Following local excision, a long-term surveillance schedule is mandatory to identify recurrences that are potentially resectable and metachronous lesions. Although centers vary slightly in their follow-up regimen, each consists of at least a semiannual history and physical exam, carcinoembryonic antigen (CEA), and proctoscopy in conjunction with annual imaging (CT or MRI) (4,6,11). There has been an increased trend in the combined use of CT/MRI with ERUS postoperatively to increase the sensitivity in detecting locoregional recurrences. It is the authors’ current practice to perform a history and physical examination every 3-6 months for the first 2 years and then annually after. A baseline CEA is obtained prior to surgery and then followed at every appointment. To detect mucosal recurrences, a digital rectal exam and proctoscopy or flexible sigmoidoscopy are performed every 3-6 months for 2 years and then yearly after. This is alternated with ERUS every 6 months to evaluate for lymph node metastases. Finally, a CT or MRI is obtained annually to detect local or distant recurrences. Most surveillance schedules only extend out to five years, but given the propensity for late recurrences, long-term follow-up after local excision should be pursued.


The management of early (T1 and T2) rectal cancer must be individualized to each patient’s expectations of quality and quantity of life. Even in the lowest risk patients, transanal excision is inferior to radical resection from an oncologic standpoint due to inadequate local control and staging of the pelvis leading to an increased local recurrence rate. However, with informed consent, patients may be willing to accept a higher failure rate and an increased post-operative surveillance regimen to preserve a perceived increased quality of life. Accurate and appropriate patient selection for local excision hinges on preoperative imaging techniques and sound histopathology. Local excision remains an acceptable option in well-to-moderately differentiated T1 rectal cancers with favorable histological features, provided the surgeon can obtain clear margins. Future investigations to improve preoperative clinical and pathological staging may improve patient selection and decrease local recurrence.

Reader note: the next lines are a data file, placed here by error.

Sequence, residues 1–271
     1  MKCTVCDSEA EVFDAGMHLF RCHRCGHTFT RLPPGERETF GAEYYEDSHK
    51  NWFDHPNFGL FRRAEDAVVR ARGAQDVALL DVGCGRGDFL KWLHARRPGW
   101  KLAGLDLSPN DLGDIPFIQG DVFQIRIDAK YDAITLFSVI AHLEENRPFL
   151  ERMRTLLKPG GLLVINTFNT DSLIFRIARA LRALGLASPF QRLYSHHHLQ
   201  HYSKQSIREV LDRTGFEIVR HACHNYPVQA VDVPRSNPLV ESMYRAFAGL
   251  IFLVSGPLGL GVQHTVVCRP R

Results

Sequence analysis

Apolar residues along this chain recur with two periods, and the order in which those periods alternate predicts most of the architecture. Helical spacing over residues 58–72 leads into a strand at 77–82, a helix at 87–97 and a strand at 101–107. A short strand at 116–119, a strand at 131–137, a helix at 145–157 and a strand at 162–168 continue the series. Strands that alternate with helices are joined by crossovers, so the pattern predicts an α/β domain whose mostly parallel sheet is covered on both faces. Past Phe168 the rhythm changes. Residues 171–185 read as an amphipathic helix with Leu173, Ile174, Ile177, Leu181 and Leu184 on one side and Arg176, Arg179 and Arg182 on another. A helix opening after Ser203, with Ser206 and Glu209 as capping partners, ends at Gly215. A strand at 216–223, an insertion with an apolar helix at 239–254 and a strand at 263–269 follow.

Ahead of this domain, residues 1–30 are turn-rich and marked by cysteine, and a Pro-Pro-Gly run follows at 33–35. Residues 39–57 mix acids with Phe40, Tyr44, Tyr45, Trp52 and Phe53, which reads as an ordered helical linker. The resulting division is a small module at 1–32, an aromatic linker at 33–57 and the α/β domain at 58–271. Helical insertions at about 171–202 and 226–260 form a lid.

Funding: The authors received no financial support for the research and/or authorship of this article.

Disclosure: The authors declare no conflicts of interest with respect to the authorship and/or publication of this article. The opinions and assertions contained herein are the private views of the authors and are not to be construed as official or reflecting the views of the Department of the Air Force or Department of Defense.


  1. Stamos MJ, Murrell Z. Management of early rectal T1 and T2 cancers. Clin Cancer Res 2007;13:6885s-9s. [PubMed]
  2. Endreseth BH, Myrvold HE, Romundstad P, et al. Transanal excision vs. major surgery for T1 rectal cancer. Dis Colon Rectum 2005;48:1380-8. [PubMed]
  3. Madbouly KM, Remzi FH, Erkek BA, et al. Recurrence after transanal excision of T1 rectal cancer: should we be concerned? Dis Colon Rectum 2005;48:711-9; discussion 719-21. [PubMed]
  4. Bentrem DJ, Okabe S, Wong WD, et al. T1 adenocarcinoma of the rectum: transanal excision or radical surgery? Ann Surg 2005;242:472-7; discussion 477-9. [PubMed]